- Farming Secretary Margaret Beckett yesterday denied she
tried to bury a major BSE blunder.
- But she admitted her decision to release the news on
a website at 10.30pm was "perhaps in error".
- Scientists at the Institute of Animal Health in Edinburgh
were supposed to be studying sheep's brains, to find out if BSE had spread
- But they studied cows brains by mistake - for five years,
at a cost of pounds 217,000.
- The blunder was finally revealed on the Department for
Environment, Food and Rural Affairs' website - posted at 10.30pm on Wednesday
- Yesterday, the Tories called on Beckett to apologise
and said it proved "Jo Moore Syndrome" was endemic in Whitehall.
Moore was the spin doctor who suggested September 11 was a good day to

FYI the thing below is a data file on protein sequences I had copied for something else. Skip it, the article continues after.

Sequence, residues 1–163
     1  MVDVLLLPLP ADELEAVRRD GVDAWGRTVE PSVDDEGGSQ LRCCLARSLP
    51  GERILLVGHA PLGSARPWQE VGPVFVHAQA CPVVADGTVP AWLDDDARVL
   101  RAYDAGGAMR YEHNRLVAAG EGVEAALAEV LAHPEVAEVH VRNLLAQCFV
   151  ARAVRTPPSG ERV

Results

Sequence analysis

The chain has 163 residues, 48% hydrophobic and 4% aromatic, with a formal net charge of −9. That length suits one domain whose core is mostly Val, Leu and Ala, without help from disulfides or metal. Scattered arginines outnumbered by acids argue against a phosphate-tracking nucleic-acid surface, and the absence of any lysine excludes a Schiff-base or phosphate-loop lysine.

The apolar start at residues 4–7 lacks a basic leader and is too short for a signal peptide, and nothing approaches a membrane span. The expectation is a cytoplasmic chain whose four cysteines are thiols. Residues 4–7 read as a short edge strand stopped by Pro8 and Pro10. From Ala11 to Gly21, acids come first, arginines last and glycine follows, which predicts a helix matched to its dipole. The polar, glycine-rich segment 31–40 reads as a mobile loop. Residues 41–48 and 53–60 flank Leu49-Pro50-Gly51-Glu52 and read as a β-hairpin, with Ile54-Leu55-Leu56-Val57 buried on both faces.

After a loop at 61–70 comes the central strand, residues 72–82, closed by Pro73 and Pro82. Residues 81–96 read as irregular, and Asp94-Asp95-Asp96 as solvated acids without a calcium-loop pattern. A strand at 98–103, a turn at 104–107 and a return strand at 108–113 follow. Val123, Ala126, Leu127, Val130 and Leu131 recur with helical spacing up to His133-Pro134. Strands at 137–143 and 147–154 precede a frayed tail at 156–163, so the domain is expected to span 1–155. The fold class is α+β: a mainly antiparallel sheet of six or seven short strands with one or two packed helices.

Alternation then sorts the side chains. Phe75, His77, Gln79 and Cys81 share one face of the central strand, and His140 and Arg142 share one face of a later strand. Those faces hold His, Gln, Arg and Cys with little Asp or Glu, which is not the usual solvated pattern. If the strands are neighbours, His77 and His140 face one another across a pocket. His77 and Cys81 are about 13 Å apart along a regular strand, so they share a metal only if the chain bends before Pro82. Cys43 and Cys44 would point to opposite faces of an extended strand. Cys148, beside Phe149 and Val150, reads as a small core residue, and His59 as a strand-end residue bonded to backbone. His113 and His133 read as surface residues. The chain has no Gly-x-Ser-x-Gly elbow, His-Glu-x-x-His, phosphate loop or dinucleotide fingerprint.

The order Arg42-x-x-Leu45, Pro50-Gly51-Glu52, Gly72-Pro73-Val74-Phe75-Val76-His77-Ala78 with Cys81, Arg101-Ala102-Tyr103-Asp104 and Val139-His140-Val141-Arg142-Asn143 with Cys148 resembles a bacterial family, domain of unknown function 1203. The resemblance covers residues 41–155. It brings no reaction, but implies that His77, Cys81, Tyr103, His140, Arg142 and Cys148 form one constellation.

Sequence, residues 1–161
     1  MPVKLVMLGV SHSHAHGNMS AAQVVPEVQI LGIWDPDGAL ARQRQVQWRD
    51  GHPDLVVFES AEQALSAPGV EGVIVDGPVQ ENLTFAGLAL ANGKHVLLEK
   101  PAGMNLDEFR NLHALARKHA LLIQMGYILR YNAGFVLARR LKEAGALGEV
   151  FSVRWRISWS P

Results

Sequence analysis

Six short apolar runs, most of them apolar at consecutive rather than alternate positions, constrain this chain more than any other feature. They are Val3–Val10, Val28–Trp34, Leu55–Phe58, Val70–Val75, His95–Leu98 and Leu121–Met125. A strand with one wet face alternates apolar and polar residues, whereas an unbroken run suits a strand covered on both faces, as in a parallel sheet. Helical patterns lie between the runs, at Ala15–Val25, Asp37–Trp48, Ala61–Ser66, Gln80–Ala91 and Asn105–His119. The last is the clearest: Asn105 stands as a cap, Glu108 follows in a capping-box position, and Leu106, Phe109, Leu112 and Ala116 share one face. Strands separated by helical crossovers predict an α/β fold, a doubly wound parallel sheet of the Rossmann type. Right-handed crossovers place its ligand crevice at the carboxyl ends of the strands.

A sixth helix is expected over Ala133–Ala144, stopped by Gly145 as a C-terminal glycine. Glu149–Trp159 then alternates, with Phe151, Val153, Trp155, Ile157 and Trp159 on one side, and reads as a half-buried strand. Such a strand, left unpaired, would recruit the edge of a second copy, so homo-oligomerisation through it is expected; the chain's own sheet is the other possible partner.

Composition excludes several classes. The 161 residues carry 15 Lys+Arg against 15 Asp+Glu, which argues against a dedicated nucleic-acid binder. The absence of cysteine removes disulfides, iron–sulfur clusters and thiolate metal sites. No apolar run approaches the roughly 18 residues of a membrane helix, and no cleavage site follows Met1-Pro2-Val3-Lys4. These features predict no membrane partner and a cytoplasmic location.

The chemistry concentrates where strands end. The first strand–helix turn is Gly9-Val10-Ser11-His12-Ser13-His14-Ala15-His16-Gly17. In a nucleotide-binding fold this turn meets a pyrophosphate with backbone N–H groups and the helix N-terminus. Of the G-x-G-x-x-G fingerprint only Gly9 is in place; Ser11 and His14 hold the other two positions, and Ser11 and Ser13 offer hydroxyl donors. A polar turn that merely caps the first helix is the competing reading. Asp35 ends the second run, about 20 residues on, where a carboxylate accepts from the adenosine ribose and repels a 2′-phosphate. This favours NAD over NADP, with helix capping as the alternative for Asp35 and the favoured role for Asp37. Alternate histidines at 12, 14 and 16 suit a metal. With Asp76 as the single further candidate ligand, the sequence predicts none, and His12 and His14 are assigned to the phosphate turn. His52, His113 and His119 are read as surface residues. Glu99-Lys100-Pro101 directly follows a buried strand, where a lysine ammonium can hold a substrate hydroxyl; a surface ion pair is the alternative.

"bury bad news". Beckett said: "I gave instructions, perhaps
in error, that the statement should be put into the public domain as soon
- "Yes, we didn't have time to brief specialist correspondents,
we hadn't known for long enough, yes we didn't wait and have a press conference
in the morning.
- "I feel strongly confident that if we had, we would
have been accused of trying to bury the information altogether."
- She added: "We immediately put in hand a scientific
audit to try and find out what happened, what went wrong, whether there's
still anything to learn from the experiment."
- Shadow rural affairs secretary Peter Ainsworth said last
night: "Margaret Beckett should apologise for the underhand way in
which this information was released, explain why it was decided to publish
the findings at 10.30 at night and sack whoever took this decision."
- Liberal Democrat agriculture spokesman Colin Breed said:
"She must make an emergency statement to the Commons to outline what
she now intends to do to allay fears about potential BSE in sheep.
- "The Secretary of State now has some awkward questions
to answer over scientific policy."